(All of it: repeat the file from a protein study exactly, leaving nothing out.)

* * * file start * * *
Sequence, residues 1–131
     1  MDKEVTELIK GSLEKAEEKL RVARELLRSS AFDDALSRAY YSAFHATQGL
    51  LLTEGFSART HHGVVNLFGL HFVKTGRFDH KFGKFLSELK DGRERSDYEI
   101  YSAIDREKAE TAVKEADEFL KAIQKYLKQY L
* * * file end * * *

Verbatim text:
Sequence, residues 1–131
     1  MDKEVTELIK GSLEKAEEKL RVARELLRSS AFDDALSRAY YSAFHATQGL
    51  LLTEGFSART HHGVVNLFGL HFVKTGRFDH KFGKFLSELK DGRERSDYEI
   101  YSAIDREKAE TAVKEADEFL KAIQKYLKQY L